This article on Post-Traumatic Stress Disorder (PTSD) examines the extensiveness of PTSD, and deficiencies in research material published on the topic. From the article: "Studies of the prevalence of post-traumatic stress disorder have appeared in the research literature with increasing frequency over the past ten years. These studies, while focusing often on the prevalence of PTSD in combat (e.g., Kulka et al., 1990), have also examined the rate of this disorder in the general population (Helzer et al., 1987), among survivors of a natural disaster (e.g., Mt. St. Helens; Shore et al., 1986), a technological disaster (e.g., Buffalo Creek; Gleser et al., 1981), and criminal victimization (e.g., Kilpatrick et al., 1985). In each study persistent mental health disturbance has been found among some of the people who have endured an extreme life experience. The purpose of this article on epidemiology is to provide a conceptual framework for understanding the findings on the prevalence of PTSD and to comment on some of the shortcomings of research in this area."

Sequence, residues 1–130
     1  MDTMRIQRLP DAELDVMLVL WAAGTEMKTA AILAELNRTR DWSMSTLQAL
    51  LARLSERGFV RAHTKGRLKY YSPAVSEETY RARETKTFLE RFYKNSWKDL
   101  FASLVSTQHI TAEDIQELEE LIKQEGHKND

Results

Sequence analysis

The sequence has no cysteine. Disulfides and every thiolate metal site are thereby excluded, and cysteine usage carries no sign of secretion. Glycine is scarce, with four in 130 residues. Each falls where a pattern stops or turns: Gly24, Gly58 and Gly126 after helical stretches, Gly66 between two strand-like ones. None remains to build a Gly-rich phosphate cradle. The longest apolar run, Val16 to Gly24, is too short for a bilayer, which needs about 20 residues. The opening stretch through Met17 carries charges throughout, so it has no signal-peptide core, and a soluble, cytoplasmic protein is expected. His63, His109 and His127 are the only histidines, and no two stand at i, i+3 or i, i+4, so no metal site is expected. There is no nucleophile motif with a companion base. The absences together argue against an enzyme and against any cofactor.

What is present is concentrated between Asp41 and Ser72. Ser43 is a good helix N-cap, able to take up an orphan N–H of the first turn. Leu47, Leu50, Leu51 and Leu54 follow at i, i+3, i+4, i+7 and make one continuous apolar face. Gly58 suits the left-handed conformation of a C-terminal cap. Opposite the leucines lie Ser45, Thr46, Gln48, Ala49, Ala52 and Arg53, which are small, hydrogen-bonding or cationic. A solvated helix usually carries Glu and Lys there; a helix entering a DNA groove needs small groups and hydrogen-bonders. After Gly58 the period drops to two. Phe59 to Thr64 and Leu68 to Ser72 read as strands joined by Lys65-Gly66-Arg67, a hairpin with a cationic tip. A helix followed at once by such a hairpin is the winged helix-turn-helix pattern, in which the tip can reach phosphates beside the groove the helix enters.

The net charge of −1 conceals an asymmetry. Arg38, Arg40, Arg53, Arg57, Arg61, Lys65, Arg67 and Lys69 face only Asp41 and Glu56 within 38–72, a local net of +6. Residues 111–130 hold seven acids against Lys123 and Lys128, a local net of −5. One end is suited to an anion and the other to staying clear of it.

National Center for PTSD: http://www.ptsd.va.gov/
PTSD Research Quarterly (Fall 1990), v.1 no.3